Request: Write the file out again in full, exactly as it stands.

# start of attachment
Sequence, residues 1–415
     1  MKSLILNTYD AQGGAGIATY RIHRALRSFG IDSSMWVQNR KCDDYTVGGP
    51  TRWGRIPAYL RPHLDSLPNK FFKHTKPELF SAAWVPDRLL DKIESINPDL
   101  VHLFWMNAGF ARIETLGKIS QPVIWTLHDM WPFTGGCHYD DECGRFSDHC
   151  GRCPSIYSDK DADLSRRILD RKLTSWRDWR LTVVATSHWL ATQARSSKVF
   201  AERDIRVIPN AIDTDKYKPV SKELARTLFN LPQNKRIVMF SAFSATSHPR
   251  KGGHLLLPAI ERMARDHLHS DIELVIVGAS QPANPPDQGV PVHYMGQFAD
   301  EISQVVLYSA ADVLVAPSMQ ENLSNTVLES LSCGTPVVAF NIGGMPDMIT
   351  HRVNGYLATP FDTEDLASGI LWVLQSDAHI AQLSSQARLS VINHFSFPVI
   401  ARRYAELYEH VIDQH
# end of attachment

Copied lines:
Sequence, residues 1–415
     1  MKSLILNTYD AQGGAGIATY RIHRALRSFG IDSSMWVQNR KCDDYTVGGP
    51  TRWGRIPAYL RPHLDSLPNK FFKHTKPELF SAAWVPDRLL DKIESINPDL
   101  VHLFWMNAGF ARIETLGKIS QPVIWTLHDM WPFTGGCHYD DECGRFSDHC
   151  GRCPSIYSDK DADLSRRILD RKLTSWRDWR LTVVATSHWL ATQARSSKVF
   201  AERDIRVIPN AIDTDKYKPV SKELARTLFN LPQNKRIVMF SAFSATSHPR
   251  KGGHLLLPAI ERMARDHLHS DIELVIVGAS QPANPPDQGV PVHYMGQFAD
   301  EISQVVLYSA ADVLVAPSMQ ENLSNTVLES LSCGTPVVAF NIGGMPDMIT
   351  HRVNGYLATP FDTEDLASGI LWVLQSDAHI AQLSSQARLS VINHFSFPVI
   401  ARRYAELYEH VIDQH